We urge you to add your name– representing your community group, religious group, profession or  organization– to the following Statement of Support for American Laws for American Courts. To add your name, complete the form in the right column or email Stephen M. Gele, American Public Policy Alliance, at admin@publicpolicyalliance.org and include your full name, organization, title, and zip code. Signatories are posted here and updated daily. Read the model American Laws for American Courts Act here.

“I support the principle of American Laws for American Courts, to ensure that no American citizen or resident is denied, as a result of the enforcement of foreign law, the liberties, rights and privileges guaranteed by state public polices and the U.S Constitution.”

 Please share the letter below with leaders in your  community
and your colleagues across America.

Dear Colleague:

We urge you to join us in adding your name to the statement in support of the American Laws for American Courts Act, which has been enacted in three states and has been introduced in over twenty other state legislatures.   The American Laws for American Courts Act protects all American citizens and residents in state legal cases when the application of a foreign law would violate constitutional liberties.

The American Laws for American Courts Act is constitutional and “facially neutral.”  It does not mention any specific religion, creed or legal doctrine, and in the two years since its introduction into state legislatures, it has never been challenged in court.

The Act‘s sole objective is to protect all U.S. citizens and residents from the application of foreign laws when the application of a foreign law will result in the violation, in the specific matter at issue, of a liberty guaranteed by the Constitution of the United States or the public policies of the state in question.  Such violations would include but not be limited to infringements on due process, freedom of religion, speech, or press, equal protection, and any right of privacy or marriage as specifically defined by the constitution of the state.

Reviews of state laws provide extensive evidence that foreign laws and legal doctrines are introduced into US state court cases, including, notably, Islamic law known as Shariah, which is used in family courts and other courts in dozens of foreign Muslim-majority nations .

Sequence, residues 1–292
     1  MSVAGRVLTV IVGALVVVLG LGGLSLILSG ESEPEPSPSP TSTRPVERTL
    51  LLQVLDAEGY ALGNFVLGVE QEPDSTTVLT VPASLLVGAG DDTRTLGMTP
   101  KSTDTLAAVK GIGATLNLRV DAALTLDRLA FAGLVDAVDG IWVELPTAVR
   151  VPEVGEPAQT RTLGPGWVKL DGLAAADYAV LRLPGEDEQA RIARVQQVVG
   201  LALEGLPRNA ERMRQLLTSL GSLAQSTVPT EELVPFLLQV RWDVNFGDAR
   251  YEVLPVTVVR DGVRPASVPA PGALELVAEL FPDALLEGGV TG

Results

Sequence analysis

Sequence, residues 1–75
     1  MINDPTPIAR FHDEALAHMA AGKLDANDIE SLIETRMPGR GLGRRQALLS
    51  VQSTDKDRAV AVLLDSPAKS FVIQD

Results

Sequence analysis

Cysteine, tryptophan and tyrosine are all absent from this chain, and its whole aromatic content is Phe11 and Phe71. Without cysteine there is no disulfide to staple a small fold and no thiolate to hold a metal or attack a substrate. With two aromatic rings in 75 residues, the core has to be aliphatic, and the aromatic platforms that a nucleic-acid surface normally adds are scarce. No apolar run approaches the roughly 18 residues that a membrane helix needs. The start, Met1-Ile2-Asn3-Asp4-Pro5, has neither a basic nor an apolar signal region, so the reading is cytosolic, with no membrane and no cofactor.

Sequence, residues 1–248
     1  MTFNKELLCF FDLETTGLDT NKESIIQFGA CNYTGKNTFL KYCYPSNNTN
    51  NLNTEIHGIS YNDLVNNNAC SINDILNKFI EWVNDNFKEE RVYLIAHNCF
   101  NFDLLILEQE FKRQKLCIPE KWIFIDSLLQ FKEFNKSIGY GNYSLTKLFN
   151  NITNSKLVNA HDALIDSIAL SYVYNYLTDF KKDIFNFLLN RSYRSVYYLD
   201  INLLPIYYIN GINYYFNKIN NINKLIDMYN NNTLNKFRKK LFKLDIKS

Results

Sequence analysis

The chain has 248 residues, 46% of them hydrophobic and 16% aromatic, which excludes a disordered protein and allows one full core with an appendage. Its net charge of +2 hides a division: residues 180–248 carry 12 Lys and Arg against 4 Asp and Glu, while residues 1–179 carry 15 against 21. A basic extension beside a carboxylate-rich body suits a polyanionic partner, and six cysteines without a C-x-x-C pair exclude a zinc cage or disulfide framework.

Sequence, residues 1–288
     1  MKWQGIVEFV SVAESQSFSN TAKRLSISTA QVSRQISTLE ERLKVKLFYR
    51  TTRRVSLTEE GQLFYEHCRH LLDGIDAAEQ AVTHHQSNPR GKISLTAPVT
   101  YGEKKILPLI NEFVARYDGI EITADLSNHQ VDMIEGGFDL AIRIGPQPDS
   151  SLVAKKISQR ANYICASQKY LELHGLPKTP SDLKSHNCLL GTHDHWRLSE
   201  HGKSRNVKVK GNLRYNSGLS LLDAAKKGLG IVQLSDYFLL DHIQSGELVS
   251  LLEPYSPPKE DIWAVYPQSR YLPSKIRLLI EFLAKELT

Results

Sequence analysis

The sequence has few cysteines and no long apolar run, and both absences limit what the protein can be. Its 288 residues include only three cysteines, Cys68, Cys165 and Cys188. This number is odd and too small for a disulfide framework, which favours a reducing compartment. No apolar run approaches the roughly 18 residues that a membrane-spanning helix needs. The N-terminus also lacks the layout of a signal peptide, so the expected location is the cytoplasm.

These foreign laws, frequently at odds with U.S. constitutional principles of equal protection and due process, typically enter the American court system through:

  • Comity (mutual respect of each country’s legal system)
  • Choice of law issues and
  • Choice of forum or venue

Granting comity to a foreign judgment is a matter of state law, and most state and federal courts will grant comity unless the recognition of the foreign judgment would violate some important public policy of the state. This doctrine, the “Void as against Public Policy Rule,” has a long and pedigreed history.

Unfortunately, because state legislatures have generally not been explicit about what their public policy is relative to foreign laws, including as an example, Shariah, the courts and the parties litigating in those courts are left to their own devices – first to know what Shariah is, and second, to understand that granting comity to a Shariah judgment may be at odds with  our state and federal constitutional principles in the specific matters at issue.

The American Laws for American Courts Act is carefully limited in scope, recognizing the need to balance the protection of individual liberties with other legal principles:

  • The American Laws For American Courts Act does not apply to a business that contracts to subject itself to foreign law in a jurisdiction other than the state or the United States.
  • The American Laws for American Courts Act is carefully defined so as not to interfere with the right of any individual or entity to the free exercise of religion as guaranteed by the First Amendment to the U.S. Constitution and by the constitution of this state.  For example, it would not affect the decisions of Jewish, Christian, Muslim or other ecclesiastical courts, or their enforcement, as long as those decisions did not result in the violation of a right guaranteed by the state constitution or the Constitution of the United States.
  • The American Laws for American Courts Act would not conflict with any federal treaty or other international agreement to which the United States is a party.

The goal of the American Laws for American Courts Act is a clear and unequivocal application of what should be the goal of all state courts: No U.S. citizen or resident should be denied the liberties, rights, and privileges guaranteed in our constitutional republic.  American Laws for American Courts is needed especially to protect women and children, identified by international human rights organizations as the primary victims of discriminatory foreign laws.

Please join our fellow Americans from across the country in signing this statement of support for American Laws for American Courts, the 21st Century civil rights initiative to ensure constitutional liberties for all Americans.

Please share this letter with leaders in your  community
and your colleagues across America.